Lauritzen, C. H., Reuter, H. D., Repges, R., Böhnert, K. J., & Schmidt, U. (1997). Treatment of premenstrual tension syndrome with Vitex agnus castus controlled, double-blind study versus pyridoxine. Phytomedicine4(3), 183-189

London, R. S., Bradley, L., & Chiamori, N. Y. (1991). Effect of a nutritional supplement on premenstrual symptomatology in women with premenstrual syndrome: a double-blind longitudinal study. Journal of the American College of Nutrition10(5), 494-499

Malmgren, R., Collins, A., & Nilsson, C. G. (1987). Platelet serotonin uptake and effects of vitamin B6-treatment in premenstrual tension. Neuropsychobiology18(2), 83-88

Masoumi, S. Z., Ataollahi, M., & Oshvandi, K. (2016). Effect of combined use of calcium and vitamin B6 on premenstrual syndrome symptoms: a randomized clinical trial. Journal of caring sciences5(1), 67

Mattes, J. A., & Martin, D. (1982). Pyridoxine in premenstrual depression. Human nutrition: Applied nutrition

Motesharee, E., Rahimi, E., Asadi, N., Jafari, M., & Mehbodi, M. (2013). Effects of Flexibility Exercise and Supplement Vitamin B6 on Primary Dysmenorrhea in Female Non-Athletes. Armaghane danesh18(7), 509-519

Montiel-Ruiz, R. M., González-Trujano, M. E., & Deciga-Campos, M. (2013). Synergistic interactions between the antinociceptive effect of Rhodiola rosea extract and B vitamins in the mouse formalin test. Phytomedicine20(14), 1280-1287

Salehi, L., & Salehi, F. (2007). Comparative study of vitamin B6 versus placebo in premenstrual syndrome

Shaik, M. M., & Gan, S. H. (2015). Vitamin supplementation as possible prophylactic treatment against migraine with aura and menstrual migraine. BioMed research international2015

Sharma, P., Kulshreshtha, S., Singh, G. M., & Bhagoliwal, A. (2007). Role of bromocriptine and pyridoxine in premenstrual tension syndrome. Indian J Physiol Pharmacol51(4), 368-74

Smallwood, J., Ah-Kye, D., & Taylor, I. (1986). Vitamin B6 in the treatment of pre-menstrual mastalgia. The British journal of clinical practice40(12), 532

Stewart, A. (1987). Clinical and biochemical effects of nutritional supplementation on the premenstrual syndrome. The Journal of reproductive medicine32(6), 435-441

Williams, M. J., Harris, R. I., & Dean, B. C. (1985). Controlled trial of pyridoxine in the premenstrual syndrome. Journal of international medical research13(3), 174-179

Wyatt, K. M., Dimmock, P. W., Jones, P. W., & O’Brien, P. S. (1999). Efficacy of vitamin B-6 in the treatment of premenstrual syndrome: systematic review. Bmj318(7195), 1375-1381.

Vitamin B12

If you’re low in Vitamin B12, your body pulls no punches letting you know about it. Vitamin B12 deficiencies often can have negative effects on the body, including increasing feelings of depression and fatigue. These symptoms of B12 deficiencies go hand-in-hand with some of the harshest emotional symptoms of premenstrual tension that we experience, leading many researchers to explore the link between PMS and B12.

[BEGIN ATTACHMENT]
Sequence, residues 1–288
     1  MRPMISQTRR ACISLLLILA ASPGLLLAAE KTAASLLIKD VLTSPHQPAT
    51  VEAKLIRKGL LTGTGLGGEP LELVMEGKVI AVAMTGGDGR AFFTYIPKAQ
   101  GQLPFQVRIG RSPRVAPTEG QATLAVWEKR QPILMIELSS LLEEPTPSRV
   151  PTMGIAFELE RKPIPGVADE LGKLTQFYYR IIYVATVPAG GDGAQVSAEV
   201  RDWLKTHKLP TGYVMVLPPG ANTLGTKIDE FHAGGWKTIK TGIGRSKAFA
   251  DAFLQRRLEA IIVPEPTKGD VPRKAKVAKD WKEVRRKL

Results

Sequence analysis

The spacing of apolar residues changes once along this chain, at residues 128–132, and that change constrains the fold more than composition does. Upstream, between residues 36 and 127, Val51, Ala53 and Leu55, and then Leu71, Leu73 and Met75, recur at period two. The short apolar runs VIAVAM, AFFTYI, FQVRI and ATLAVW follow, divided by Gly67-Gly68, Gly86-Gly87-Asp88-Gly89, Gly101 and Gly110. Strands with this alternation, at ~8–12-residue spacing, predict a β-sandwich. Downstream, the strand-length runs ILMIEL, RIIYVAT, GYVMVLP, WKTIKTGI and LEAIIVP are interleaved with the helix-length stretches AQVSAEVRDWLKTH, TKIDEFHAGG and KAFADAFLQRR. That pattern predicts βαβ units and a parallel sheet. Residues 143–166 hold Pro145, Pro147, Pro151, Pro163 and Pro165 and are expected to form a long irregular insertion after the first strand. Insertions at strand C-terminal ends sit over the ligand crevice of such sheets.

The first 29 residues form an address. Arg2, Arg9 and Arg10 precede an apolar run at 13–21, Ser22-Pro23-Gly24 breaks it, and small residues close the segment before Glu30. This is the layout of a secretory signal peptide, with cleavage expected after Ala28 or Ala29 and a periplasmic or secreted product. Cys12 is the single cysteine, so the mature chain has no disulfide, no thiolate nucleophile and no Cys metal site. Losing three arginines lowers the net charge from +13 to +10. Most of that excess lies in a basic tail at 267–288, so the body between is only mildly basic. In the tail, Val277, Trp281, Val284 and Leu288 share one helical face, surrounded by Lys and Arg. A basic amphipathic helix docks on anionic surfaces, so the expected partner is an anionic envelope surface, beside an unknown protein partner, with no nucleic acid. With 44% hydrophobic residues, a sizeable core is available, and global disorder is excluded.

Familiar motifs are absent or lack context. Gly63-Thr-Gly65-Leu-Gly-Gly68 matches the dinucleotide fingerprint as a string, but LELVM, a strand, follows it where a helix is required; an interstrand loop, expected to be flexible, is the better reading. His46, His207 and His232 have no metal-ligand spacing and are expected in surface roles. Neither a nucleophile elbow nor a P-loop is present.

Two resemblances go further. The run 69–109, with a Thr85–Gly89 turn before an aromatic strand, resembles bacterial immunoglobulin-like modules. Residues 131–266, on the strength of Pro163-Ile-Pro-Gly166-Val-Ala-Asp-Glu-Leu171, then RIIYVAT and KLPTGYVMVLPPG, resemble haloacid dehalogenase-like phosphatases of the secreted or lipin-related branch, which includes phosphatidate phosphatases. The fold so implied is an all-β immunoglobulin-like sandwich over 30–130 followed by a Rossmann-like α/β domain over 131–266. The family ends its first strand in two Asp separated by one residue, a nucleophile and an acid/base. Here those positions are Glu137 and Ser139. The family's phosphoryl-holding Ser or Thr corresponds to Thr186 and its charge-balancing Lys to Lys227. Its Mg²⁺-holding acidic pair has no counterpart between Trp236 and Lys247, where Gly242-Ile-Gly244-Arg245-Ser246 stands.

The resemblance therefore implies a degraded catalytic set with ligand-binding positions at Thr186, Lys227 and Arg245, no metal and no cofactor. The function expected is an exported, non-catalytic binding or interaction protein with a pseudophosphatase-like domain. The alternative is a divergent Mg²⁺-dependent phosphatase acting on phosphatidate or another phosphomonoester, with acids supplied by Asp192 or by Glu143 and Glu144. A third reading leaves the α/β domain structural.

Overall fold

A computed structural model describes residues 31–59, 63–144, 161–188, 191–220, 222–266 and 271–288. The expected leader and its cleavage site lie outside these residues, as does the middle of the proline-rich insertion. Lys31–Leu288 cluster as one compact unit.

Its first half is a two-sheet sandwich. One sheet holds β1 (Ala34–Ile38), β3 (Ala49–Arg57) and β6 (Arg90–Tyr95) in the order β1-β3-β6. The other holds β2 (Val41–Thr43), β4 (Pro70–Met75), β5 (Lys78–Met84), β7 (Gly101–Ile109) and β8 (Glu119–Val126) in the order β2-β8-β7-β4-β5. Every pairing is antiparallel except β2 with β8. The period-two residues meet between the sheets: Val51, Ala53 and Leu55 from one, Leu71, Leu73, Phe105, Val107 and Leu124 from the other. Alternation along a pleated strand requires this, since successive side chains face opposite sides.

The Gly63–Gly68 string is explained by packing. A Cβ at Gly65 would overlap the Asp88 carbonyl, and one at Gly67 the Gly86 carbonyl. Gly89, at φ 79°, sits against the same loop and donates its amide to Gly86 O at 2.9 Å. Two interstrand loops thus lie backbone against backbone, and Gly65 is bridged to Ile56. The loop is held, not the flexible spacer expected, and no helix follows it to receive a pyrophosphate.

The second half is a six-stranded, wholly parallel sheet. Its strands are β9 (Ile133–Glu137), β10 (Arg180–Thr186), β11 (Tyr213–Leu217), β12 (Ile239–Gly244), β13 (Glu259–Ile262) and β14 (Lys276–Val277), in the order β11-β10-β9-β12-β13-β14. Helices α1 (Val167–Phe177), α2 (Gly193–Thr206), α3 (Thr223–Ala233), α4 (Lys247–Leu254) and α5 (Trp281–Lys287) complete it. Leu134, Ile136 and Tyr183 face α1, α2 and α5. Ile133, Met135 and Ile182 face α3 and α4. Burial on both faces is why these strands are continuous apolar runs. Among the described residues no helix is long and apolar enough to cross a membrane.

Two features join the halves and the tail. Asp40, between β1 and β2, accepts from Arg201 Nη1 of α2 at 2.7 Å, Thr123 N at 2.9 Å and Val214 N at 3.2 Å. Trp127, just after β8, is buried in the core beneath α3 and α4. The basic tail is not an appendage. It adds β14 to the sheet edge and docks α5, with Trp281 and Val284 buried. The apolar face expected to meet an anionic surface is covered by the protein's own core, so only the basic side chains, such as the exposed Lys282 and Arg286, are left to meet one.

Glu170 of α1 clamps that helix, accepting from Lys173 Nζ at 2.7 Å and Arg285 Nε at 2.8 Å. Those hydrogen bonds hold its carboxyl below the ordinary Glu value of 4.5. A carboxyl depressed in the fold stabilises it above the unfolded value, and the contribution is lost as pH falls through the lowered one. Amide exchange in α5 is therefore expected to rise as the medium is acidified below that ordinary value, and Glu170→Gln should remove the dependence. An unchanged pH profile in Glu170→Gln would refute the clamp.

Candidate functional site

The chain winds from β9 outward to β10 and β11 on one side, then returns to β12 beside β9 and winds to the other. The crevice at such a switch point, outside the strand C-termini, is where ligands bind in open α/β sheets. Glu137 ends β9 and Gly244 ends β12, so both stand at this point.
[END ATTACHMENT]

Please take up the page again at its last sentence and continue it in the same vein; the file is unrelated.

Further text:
B12, superstar that it is, plays an important role in formulating red blood cells, as well as maintaining the metabolism and central nervous system. Thanks to the blood loss experienced every bloody menstrual cycle, it’s important to nourish those nutrients lost – everyone give a round of applause to vitamin B12 for helping with that.

Balcı, Y. I., Karabulut, A., Gürses, D., & Çövüt, İ. E. (2012). Prevalence and risk factors of anemia among adolescents in Denizli, Turkey. Iranian journal of pediatrics22(1), 77

EFSA Panel on Dietetic Products, Nutrition and Allergies (NDA). (2010). Scientific Opinion on the substantiation of health claims related to vitamin B12 and contribution to normal neurological and psychological functions (ID 95, 97, 98, 100, 102, 109), contribution to normal homocysteine metabolism (ID 96, 103, 106), maintenance of normal bone (ID 104), maintenance of normal teeth (ID 104), maintenance of normal hair (ID 104), maintenance of normal skin (ID 104), maintenance of normal nails (ID 104), reduction of tiredness and fatigue (ID 108), and cell division (ID 212 …. EFSA Journal8(10), 1756

McRae, T. D., & Freedman, M. L. (1989). Why vitamin B 12 deficiency should be managed aggressively. Geriatrics44(11)

Montiel-Ruiz, R. M., González-Trujano, M. E., & Deciga-Campos, M. (2013). Synergistic interactions between the antinociceptive effect of Rhodiola rosea extract and B vitamins in the mouse formalin test. Phytomedicine20(14), 1280-1287

Shaik, M. M., & Gan, S. H. (2015). Vitamin supplementation as possible prophylactic treatment against migraine with aura and menstrual migraine. BioMed research international2015

Shamah-Levy, T., Villalpando, S., Mejía-Rodríguez, F., Cuevas-Nasu, L., Gaona-Pineda, E. B., Rangel-Baltazar, E., & Zambrano-Mujica, N. (2015). Prevalence of iron, folate, and vitamin B12 deficiencies in 20 to 49 years old women: Ensanut 2012. salud pública de méxico57, 385-393

Wolffenbuttel, B. H., Wouters, H. J., Heiner-Fokkema, M. R., & van der Klauw, M. M. (2019). The many faces of cobalamin (Vitamin B12) deficiency. Mayo Clinic Proceedings: Innovations, Quality & Outcomes3(2), 200-214

Iron

Monthly blood loss through our periods can lead to an iron deficiency or anemia. Anemia is the reduction in red blood cells or hemoglobin within the body and the symptoms include: tiredness, shortness of breath, difficulty concentrating, paleness, hair loss, chapped lips, lightheadedness, and cold intolerance. Hemoglobin is an iron-containing protein within your red blood cells which binds and transports oxygen molecules to the cells of your body. With fewer red blood cells, your body can’t get enough oxygen to function properly.